You want to have a voice. You would love to testify at the school board hearing or travel to your state capitol and meet with legislators. But you have essays to grade and projects to prepare. What better way to show your elected officials what is going on in your classroom than to invite them to visit your school? Your elected officials get a photo op, and you get a chance to share your concerns.
I invited our state legislators to our middle school and high school a number of years ago as a parent volunteer. Our high school, with more than 3600 students, was the largest in the Commonwealth of Virginia. Our middle school, like some of our elementary feeders, was overcrowded. All our schools had trailers. And our students were required to take the Standards of Learning Tests to pass or graduate.
So, I thought, let’s invite the legislators whose constituents feed into our high school and middle school, take them for a tour, and give them a sample SOL test. A number of them graciously accepted our invitation. We toured the middle school, dragging them up and down the trailer stairs. We informed them that since there were no restrooms in the trailers, students had to run into the school in the pouring rain and freezing cold. We pointed out that there was limited time between classes, so students in band or at recess had further to travel and were at a disadvantage compared to students in the building. Most worrisome of all: these trailers were no protection in case of high winds or an active shooter.
At the high school, we filed through hallways packed with hundreds of kids in order to enjoy lunch in the raucous cafeteria. We passed out the sample eighth grade SOL exam to each legislator. Some multiple-choice questions were particularly memorable: In what type of dwelling did the Anasazi Indians live? What instruments did Archimedes use? Needless to say, the legislators hemmed and hawed. They couldn’t answer those questions.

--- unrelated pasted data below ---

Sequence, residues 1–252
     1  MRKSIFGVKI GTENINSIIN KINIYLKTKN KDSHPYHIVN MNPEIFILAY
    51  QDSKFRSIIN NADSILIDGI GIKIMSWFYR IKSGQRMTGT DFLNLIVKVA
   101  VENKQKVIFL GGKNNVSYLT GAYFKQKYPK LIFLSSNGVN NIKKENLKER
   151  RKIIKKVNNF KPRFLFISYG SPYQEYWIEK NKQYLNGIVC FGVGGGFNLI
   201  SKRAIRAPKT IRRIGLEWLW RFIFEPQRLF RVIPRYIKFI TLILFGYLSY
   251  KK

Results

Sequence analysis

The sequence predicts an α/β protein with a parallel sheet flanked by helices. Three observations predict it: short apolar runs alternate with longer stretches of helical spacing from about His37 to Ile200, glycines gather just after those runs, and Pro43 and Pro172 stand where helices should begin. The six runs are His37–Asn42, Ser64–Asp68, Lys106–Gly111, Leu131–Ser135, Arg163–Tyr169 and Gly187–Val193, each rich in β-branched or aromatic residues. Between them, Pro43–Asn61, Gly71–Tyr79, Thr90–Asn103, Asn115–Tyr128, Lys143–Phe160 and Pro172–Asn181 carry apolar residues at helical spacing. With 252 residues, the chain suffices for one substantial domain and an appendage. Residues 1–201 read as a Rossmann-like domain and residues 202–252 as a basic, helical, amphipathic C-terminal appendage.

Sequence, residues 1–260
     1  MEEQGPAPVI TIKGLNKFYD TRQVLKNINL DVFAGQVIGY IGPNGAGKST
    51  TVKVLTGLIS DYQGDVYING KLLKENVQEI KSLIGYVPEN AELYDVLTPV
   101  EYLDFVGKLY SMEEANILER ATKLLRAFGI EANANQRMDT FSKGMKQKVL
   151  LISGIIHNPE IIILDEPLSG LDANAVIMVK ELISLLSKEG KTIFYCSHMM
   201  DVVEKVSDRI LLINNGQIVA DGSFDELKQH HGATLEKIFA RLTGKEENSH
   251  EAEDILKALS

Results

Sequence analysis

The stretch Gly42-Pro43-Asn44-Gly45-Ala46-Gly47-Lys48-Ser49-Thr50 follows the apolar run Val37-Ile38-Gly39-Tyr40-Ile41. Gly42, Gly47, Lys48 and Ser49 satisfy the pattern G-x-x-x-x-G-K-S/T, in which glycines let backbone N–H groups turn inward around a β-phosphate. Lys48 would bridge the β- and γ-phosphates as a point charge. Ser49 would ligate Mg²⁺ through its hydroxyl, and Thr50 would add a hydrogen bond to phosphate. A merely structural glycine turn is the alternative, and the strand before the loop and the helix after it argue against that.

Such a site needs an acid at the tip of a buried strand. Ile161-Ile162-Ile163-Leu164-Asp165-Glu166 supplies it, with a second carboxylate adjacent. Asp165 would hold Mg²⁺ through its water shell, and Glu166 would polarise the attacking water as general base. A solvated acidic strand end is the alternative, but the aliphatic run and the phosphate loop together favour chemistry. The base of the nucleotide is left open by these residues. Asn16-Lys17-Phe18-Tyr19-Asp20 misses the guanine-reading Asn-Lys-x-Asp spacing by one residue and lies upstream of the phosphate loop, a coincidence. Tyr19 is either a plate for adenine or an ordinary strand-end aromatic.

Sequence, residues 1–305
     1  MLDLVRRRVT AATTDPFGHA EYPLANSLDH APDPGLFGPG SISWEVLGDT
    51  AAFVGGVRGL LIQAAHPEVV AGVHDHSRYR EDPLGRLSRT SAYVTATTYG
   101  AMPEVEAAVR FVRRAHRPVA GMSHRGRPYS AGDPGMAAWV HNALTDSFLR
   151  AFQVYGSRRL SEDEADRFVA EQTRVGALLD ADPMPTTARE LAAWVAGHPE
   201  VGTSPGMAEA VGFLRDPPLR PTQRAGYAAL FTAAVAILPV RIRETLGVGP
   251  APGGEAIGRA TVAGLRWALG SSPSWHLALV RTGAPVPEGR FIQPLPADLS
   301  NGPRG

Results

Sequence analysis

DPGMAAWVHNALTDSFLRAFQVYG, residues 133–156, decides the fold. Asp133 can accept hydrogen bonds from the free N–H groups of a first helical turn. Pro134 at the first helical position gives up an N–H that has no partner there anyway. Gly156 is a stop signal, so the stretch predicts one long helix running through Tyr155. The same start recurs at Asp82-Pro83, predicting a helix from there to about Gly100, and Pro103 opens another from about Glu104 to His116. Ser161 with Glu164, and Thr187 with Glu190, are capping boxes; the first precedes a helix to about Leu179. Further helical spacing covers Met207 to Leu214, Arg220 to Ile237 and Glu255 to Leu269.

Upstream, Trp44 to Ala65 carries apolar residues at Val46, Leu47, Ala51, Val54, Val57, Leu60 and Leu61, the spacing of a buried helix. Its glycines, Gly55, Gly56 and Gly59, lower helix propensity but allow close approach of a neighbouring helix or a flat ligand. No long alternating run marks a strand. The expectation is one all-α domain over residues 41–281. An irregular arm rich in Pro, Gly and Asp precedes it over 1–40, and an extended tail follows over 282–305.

But they did see firsthand the crowded conditions of these massive schools that impacted students’ academic, social, and emotional behavior. And they became aware of the questions that impacted students who did not pass. Although we were unable to change the number of students attending our high school, we were able to block development that sent more students there. More importantly, we established working relationships with our legislators that enabled us to pass legislation affecting campus safety and student mental health. It was the starting point that gave us access and a voice.
As they say, a picture is worth a thousand words, especially when that picture is your classroom.
Remember, stakeholders are just another group of students, and there’s no better way to engage students than by getting them to actively participate. How can YOU engage YOUR stakeholders?